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Banana tree prep  RSS feed

 
Posts: 89
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Has anyone grown bananas in a non-tropical location? It looks like the california gold banana will grow in my tx environment, so I would like to start prepping the ground. I know they are heavy feeders, so I'm planning to put several inches of manures, compost, mulch, etc down. We have terrible terrible soil (literally no nutrients, and very acid). Any thing else we should do? We eventually want a hoop house to grow mango, papaya, pineapple, banana in.
 
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Location: South Tenerife, Canary Islands (Spain)
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forest garden greening the desert trees
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Without knowing where you are difficult to advise...

In general, mango and papaya are more forgiving and easier to grow. Bananas need a LOT of water and do not tolerate wind. If you have water and shelter from wind then should be OK. No frosts ever where I live so I have no advice on how these trees deal (or not) with the cold. If you have a problem with spiders, don't bother with bananas.
 
Katie Jarvis
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We are in conroe, tx
 
Posts: 89
Location: Oakland, CA
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chicken fungi trees
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I have heard that they like to be planted in basin with mulchy rich soil, which is what I try to provide my California gold banana.  Where I am it seems like the bananas need to flower before June to set fruit before potential frost and cold.  I keep my plants low  in the winter so they are easier to protect.  
 
Posts: 530
Location: Central Virginia USA
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Seems like the obvious banana circle has not been mentioned, so I'll mention it.

Bill Mollison claimed an 85 times greater yield, and I wouldn't know personally about that, but I've been growing non fruiting bananas in zone 7 and have thought about a dwarf I heard of since I've had lots of success, albeit not with fruit, just with health and size of plants, even though they die back every winter.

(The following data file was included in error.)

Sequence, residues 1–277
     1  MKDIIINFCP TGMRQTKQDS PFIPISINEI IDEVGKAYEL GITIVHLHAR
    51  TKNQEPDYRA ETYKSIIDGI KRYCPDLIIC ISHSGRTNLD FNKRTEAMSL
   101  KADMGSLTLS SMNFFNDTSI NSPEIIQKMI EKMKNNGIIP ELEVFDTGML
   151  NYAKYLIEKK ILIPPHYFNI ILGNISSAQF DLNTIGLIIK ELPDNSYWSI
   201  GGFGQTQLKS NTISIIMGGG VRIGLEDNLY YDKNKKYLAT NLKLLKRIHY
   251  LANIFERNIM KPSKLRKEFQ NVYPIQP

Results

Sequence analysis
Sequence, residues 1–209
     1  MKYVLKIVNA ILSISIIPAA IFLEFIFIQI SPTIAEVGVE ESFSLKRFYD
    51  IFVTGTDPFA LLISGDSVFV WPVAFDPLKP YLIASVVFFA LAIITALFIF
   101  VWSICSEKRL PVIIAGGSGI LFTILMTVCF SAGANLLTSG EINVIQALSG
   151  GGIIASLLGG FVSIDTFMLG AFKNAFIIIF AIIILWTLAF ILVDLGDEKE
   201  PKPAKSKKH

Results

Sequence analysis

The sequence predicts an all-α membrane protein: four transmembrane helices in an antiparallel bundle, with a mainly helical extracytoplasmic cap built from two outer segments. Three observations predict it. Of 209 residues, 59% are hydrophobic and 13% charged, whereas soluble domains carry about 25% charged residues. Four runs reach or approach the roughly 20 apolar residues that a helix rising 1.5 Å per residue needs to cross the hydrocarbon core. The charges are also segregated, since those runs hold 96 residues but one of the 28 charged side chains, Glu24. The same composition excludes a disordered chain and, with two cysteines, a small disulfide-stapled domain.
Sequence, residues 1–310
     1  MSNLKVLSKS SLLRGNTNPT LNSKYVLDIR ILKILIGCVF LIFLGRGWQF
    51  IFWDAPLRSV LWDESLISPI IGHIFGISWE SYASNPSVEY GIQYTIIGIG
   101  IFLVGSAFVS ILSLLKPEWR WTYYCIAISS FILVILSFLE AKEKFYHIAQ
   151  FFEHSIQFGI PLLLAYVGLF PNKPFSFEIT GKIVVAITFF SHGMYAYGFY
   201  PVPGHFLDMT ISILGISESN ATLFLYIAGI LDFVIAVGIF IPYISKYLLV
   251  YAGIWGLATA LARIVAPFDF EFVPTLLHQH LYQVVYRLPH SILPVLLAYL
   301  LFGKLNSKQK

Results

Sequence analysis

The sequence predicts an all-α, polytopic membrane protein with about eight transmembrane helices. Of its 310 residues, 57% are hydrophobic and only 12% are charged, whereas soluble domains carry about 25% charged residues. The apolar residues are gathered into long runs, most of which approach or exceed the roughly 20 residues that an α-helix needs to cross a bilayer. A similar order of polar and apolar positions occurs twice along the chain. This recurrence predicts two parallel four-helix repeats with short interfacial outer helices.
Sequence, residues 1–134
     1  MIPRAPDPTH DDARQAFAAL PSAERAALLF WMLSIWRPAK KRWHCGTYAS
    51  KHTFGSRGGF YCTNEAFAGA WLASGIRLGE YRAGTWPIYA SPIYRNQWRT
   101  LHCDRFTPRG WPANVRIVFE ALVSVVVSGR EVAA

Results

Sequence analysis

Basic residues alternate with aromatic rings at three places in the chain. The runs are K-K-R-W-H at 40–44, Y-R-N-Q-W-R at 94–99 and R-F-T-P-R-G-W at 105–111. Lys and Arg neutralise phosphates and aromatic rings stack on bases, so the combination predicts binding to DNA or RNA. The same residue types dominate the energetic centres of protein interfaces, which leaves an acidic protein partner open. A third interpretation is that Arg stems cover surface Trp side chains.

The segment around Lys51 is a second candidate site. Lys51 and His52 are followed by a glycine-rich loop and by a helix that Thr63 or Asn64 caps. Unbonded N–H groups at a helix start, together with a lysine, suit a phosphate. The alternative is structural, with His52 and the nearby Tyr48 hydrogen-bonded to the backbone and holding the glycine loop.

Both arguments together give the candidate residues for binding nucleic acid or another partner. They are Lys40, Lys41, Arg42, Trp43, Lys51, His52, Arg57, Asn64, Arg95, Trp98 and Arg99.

It looks like if temps would stay a little closer to freezing and not go into the 20s, above ground growth might continue.

Anyway, dig a circle pit about 1/2 to a meter deep, 2 meters diameter, mound the soil around the edge and fill the pit with mulch--yes they do like lots of water, but the mulch pit is great at moderating the extremes of water. i would guess the circle helps a little with the wind also. guessing spiders may be more of a problem where it doesn't freeze seasonally.

Anyway, 12  plants to the circle and when they put off shoots, keep one from each plant  for the next crop--all on the same side so the next crop is a little left or a little right of the previous.

In the tropics they throw logs and everything in as mulch, likely in Texas you might want to go with lighter wood and misc compostable garbage.

I have an abbreviated circle since they aren't really productive of anything but shade, but after i dug the mulch pit next to them they dramatically increased in size

Sweet Potatoes are supposed to be a great crop to grow on the mulch, Tarot might do well also, maximizing the yield and controlling weeds. I put my tumeric plants out close to them but keep them in pots since they have to come in and over winter inside here. Down in Texas you can likely just plant the Tumeric in the mulch also.
 
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